Open communication

Encourage open and honest conversations about social media use and its effects. Make sure your teenager feels comfortable discussing their online experiences and any negative feelings they may have.

Set boundaries

Establish healthy boundaries for social media use. This could include setting time limits, designating tech-free times (such as during meals and before bedtime), and encouraging offline activities.

Educate about media literacy

Teach your teenager to critically evaluate the content they see online. Help them understand that social media often presents a distorted view of reality and that not everything they see is true or attainable.

Promote positive online behaviour

Encourage your teenager to use social media positively, such as by supporting their friends, sharing uplifting content and avoiding negative interactions.

Model healthy behaviour

Set a good example by managing your own social media use responsibly. Demonstrate the importance of balancing online and offline activities and maintaining a healthy relationship with technology.

Seek professional help if needed

If your teenager shows signs of significant distress or mental health issues, do not hesitate to seek professional help. Therapists and counsellors can provide valuable support and strategies to help them cope.


Protecting the mental health of our teenagers in the age of social media is a collective responsibility. By understanding the pressures that these platforms exert and taking proactive steps to mitigate their impact, we can help our young people navigate adolescence more healthily and resiliently. 

As a therapist, I urge parents to stay informed, remain vigilant and create an environment where teenagers feel supported and understood. Our collective efforts can make a significant difference in ensuring that our teenagers thrive both online and offline.


References

Royal Society for Public Health - The "Status of Mind" report on the impact of social media on young people's mental health.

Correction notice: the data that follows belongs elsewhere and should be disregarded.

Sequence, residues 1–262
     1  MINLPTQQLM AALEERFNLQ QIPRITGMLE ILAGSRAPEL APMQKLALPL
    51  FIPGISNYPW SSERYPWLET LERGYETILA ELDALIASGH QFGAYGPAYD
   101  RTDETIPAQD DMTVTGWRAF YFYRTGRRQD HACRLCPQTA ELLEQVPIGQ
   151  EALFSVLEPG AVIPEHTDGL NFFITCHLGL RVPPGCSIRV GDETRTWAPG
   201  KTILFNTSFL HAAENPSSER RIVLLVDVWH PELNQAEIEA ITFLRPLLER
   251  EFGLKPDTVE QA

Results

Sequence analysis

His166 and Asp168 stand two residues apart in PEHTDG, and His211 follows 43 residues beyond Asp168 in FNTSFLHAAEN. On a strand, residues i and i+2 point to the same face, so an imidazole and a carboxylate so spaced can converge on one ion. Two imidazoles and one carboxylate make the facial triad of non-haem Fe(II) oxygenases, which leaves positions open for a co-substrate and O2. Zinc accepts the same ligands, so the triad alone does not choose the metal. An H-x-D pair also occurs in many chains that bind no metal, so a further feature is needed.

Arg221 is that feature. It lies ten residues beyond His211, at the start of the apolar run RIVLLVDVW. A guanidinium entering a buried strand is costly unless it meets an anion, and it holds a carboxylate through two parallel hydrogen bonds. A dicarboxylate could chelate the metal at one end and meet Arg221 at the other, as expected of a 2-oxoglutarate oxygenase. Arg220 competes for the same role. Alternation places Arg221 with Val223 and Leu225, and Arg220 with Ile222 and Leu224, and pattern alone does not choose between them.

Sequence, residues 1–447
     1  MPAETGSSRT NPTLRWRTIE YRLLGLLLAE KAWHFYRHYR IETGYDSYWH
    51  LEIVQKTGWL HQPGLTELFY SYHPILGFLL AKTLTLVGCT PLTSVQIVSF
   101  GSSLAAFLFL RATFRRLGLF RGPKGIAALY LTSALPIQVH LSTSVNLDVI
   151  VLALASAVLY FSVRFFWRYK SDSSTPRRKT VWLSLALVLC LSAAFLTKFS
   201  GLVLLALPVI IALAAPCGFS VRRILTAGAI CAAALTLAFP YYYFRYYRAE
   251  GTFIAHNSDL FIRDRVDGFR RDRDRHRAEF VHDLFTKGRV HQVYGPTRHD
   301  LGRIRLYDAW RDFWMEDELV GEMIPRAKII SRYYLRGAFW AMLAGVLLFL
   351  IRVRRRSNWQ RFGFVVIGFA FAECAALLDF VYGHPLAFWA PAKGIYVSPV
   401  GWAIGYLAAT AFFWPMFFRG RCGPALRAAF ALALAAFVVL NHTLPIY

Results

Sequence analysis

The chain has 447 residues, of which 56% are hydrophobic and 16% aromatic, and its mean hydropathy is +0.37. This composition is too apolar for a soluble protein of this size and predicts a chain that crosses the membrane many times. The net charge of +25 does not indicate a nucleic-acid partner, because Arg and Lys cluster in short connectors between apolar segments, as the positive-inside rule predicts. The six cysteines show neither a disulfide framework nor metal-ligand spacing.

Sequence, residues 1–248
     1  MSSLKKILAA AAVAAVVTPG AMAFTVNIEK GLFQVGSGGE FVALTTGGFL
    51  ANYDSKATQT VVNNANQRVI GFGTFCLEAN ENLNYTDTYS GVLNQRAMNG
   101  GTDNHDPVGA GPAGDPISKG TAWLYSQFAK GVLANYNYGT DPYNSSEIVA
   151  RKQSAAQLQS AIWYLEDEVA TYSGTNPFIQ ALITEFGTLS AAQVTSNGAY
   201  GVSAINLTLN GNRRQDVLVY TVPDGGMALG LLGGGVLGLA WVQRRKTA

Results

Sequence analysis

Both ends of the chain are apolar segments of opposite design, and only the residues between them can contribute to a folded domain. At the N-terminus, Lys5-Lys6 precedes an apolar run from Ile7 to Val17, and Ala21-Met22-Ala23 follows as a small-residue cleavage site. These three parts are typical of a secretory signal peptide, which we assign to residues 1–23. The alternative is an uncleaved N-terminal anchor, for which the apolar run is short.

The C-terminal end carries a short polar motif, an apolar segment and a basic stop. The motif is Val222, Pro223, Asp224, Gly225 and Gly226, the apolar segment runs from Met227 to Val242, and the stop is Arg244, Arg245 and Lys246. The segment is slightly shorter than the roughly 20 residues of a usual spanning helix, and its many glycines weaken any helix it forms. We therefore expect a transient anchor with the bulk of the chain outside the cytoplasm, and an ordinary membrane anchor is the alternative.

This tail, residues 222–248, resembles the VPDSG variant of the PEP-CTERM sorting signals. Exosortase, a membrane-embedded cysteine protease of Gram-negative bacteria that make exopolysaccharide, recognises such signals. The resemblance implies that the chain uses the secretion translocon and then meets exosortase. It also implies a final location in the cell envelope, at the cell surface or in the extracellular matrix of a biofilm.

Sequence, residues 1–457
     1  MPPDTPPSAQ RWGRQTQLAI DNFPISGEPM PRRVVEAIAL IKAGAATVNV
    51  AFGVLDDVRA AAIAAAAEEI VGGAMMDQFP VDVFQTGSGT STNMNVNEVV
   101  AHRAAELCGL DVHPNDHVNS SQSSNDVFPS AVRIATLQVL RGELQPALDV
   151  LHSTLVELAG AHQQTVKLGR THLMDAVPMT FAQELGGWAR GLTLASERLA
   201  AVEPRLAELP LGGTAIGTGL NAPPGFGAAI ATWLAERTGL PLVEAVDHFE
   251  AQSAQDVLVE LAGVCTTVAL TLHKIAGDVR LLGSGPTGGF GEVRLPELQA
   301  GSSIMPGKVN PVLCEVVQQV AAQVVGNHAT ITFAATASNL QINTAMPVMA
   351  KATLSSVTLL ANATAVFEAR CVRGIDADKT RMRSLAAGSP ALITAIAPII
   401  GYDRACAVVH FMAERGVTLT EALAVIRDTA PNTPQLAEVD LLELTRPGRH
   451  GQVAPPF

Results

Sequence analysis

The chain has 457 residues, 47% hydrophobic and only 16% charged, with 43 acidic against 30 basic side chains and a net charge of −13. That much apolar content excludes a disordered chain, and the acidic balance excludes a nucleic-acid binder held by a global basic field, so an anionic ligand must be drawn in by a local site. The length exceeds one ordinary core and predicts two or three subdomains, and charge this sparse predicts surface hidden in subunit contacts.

Source: Royal Society for Public Health (RSPH), "Status of Mind: Social Media and Young People's Mental Health and Wellbeing," 2017. Available at: RSPH Status of Mind Report

National Health Service (NHS) Report - Statistics on the prevalence of mental disorders among children and young people.

Source: National Health Service (NHS), "Mental Health of Children and Young People in England, 2017," 2018. Available at: NHS Digital

Education Policy Institute and The Prince's Trust - Study on the mental health and well-being of young people.

Source: Education Policy Institute and The Prince's Trust, "Young People’s Mental Health and Wellbeing in 2020," 2020. Available at: Education Policy Institute Report

The views expressed in this article are those of the author. All articles published on Counselling Directory are reviewed by our editorial team.

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Guildford GU5 & GU2
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Written by Donna Morgan, SNR MNCS Accred ANXIETY, WOMENS HEALTH, CYPT TEENS, CBT EMDR
Guildford GU5 & GU2

Donna Morgan is a highly experienced Humanistic Mental Health Therapist with 26 years of practice. Her passion for helping individuals with their mental health has driven her to develop a compassionate and holistic approach to therapy. Donna firmly believes in treating each client as a unique individual and providing them with personalised support.